Stefano Pastor



Liner Notes





CD Reviews















Transmutations is my second disc and, unlike the former, which was meant as a project founded on Italian popular song, is mainly based on writing.

Transmutation of musical elements (melodic or other) and their decontextualization suggested to me these six compositions which originate from very different materials to become something else.

To transform into something else everything it meets seems to be a peculiarity of jazz. Songs, for example, gathered from many sources become jazz standards.

The manipulation of musical material in composition is a very fascinating practice and an extraordinary source of inspiration to me.

As a result these transfigurations share the approach to modern jazz compositions, including several experiences where Afro-American language has developed in its history. A kind of jazz certainly transversal but, I guess, authentic.

In this recording I also to pay homage to some giants of jazz who have deeply influenced me. The music of Ornette Coleman undoubtedly represents a key point in my musical experience and particularly in this work, that’s why the tale begins with Bird Food, a starting point for most things to come out lately.

Seul B. is the first transmutation originating from the manipulation of archaic material. The main theme is built on a tetrachord descending from the origin of blues. My use of this material is also a tribute to the music of Thelonious Monk and Charles Mingus who frequently used it in a superb way.

The second transmutation named Nel Blu Dipinto di Blues, vaguely conceived in Coleman’s style, is a free jazz piece founded on be-bop harmonic, melodic and rhythmic material. It’s a sort of paraphrase of the famous Domenico Modugno’s song called Nel Blu Dipinto di Blu. I like to keep some legacy with previously album, that’s why I choose to play again on Italian songs. The theme has a twelve bar structure, suggesting a vague blues connection.

Don Juan is a composition based on Mozart’s Don Giovanni fragments. The second time “A” section theme flows on the 2nd violins “ostinato” exposed in the Ouverture and in the 4th Act of Mozart’s masterpiece. This melodic fragment represents the terrific apparition of the dead “Commendatore” statue. The “B” section theme is built on that mysterious line who gives voice to the terrible warning “Non si pasce di cibo mortale chi si pasce di cibo celeste” (He who dines on Heavenly food has no need for the food of mortals). One of the most astonishing moments of the opera and of entire Mozart’s production too, which becomes “other” in this game of metamorphosis: a dark and meditative habanera.

Two rhythmic cells and two harmonic patterns, different and recognizable, run after each other dance “samba” in the forty bars structure Quarenta, fourth transmutation. Bop, post-bop and latin elements collide to create a stylistic short circuit over a typical Brazilian backdrop.

Crescent, by John Coltrane, is one of my favourites jazz discs ever since my adolescence. To play this beautiful composition is an ambitious dream I always wanted. This piece always creates great tension within me, so different from the lyricism of Coltrane in that recording. The rest of the group abandon their typical loud sound, however the hidden action of Elvin Jones and the explosive strength of Rudy Van Gelder recording can communicate to me feelings of tension and anxiety which I tried to re-propose in this session.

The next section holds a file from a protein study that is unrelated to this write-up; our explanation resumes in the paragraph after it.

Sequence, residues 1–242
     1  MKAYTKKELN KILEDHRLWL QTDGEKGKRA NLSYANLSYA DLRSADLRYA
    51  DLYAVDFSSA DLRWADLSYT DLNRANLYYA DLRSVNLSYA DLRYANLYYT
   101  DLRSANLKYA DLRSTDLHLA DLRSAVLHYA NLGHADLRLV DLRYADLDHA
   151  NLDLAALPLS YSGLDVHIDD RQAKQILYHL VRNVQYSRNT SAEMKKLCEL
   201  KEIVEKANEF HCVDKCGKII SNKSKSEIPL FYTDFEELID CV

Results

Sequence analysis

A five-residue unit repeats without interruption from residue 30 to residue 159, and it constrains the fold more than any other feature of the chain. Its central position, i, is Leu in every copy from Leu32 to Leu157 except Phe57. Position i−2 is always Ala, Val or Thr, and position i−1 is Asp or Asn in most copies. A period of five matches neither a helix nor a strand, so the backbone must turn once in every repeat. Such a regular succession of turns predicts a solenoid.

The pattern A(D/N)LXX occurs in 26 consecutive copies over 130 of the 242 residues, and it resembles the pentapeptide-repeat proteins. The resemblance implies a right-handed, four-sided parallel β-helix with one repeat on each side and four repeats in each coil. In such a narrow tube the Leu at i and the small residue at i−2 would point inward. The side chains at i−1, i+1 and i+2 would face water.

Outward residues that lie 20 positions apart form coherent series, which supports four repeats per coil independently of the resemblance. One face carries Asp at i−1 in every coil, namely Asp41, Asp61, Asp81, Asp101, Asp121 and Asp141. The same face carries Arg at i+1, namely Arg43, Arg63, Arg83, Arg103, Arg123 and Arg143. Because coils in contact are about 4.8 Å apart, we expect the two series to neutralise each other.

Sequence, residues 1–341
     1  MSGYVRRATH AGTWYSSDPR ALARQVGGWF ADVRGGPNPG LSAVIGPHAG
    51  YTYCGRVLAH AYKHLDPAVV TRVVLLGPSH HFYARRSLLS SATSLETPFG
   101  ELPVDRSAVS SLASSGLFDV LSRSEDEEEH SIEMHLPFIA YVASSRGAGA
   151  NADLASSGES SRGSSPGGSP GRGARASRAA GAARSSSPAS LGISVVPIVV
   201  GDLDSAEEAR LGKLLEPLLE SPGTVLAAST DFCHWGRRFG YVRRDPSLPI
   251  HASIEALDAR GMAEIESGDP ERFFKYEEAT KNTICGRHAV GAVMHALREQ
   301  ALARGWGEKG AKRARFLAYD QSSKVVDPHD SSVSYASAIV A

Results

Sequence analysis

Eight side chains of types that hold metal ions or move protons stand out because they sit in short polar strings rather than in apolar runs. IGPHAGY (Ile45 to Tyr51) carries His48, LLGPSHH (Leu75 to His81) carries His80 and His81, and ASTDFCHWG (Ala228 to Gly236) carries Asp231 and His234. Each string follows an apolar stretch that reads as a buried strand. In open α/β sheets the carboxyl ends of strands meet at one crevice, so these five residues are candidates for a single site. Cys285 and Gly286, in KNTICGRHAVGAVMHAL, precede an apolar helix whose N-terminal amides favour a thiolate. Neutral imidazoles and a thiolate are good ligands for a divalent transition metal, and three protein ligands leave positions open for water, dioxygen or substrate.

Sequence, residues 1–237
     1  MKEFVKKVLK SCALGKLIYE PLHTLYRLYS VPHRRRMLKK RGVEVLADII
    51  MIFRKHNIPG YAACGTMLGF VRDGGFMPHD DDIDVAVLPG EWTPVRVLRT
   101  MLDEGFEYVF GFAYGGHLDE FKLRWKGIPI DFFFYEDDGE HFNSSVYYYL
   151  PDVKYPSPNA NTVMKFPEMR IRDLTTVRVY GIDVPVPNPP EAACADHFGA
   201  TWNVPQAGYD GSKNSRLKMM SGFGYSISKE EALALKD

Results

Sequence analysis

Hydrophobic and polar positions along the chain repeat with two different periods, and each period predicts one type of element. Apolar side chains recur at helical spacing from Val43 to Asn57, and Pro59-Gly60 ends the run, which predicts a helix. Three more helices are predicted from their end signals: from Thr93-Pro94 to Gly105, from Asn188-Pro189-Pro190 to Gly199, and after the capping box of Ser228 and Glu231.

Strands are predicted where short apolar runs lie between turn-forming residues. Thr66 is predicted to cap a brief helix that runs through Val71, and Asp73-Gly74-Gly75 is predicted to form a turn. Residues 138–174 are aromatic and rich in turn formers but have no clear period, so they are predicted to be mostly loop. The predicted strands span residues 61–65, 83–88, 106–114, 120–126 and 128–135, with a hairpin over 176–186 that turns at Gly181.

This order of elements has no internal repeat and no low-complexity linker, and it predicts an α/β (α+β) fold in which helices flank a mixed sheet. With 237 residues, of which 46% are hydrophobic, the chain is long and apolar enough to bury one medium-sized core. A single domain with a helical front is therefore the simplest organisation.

The double identity of blues and free remark the fifth transmutation called Dimorfismo. Here the more archaic meets bop and latin fragments, in a game strongly polyrhythmic and polyharmonic. Even if the complete track highlights a big ambiguity in styles, the historical vanguards often converging, I guess the blues side definitely  prevails.

The Jule Styne and Sammy Cahn beautiful song named I Fall in Love Too Easily is a moment of lyricism and relaxation in a disc full of tension elements. A tuneful interval entrusted, in the begin, to the first-rate of Piero.

With its prolonged polyrhythms and intense lyricisms, the sixth Transmutation Vucciria, represents the dizzy contrasts of the historical market of Palermo, with its frenetic life, to today’s crumbling state of this great Mediterranean city. The melodic content is created exclusively on the natural and altered pentatonics changing continuously during the theme.

Another element of continuity with my first disc: a Brazilian song to close the work. Some time ago someone asked me who were the most influencing jazz musicians to me. I think that a question like this deserves at least one hundred names in answer. Without thinking too much I choose three names: John Coltrane, Ornette Coleman and Chet Baker. With this in mind I meant to pay homage to these great Masters and Esquecendo Voce, by the immense Tom Jobim, is my tribute to Chet and his revolutionary mode on singing and thinking melody. Interpreting this song I was influenced by intimate atmosphere of Joao Gilberto, Caetano Veloso or Eliane Elias. I choose to use seven violins for accompaniment, so to treat the harmony in a more explicit way than a quartet devoid of harmonic instruments. In arranging I tried to express the pain of parting by a harmonization that becomes progressively more abstract and ethereal in an interior and deep suffering atmosphere, which destroys and prevents any external display of such sentiments.


Stefano Pastor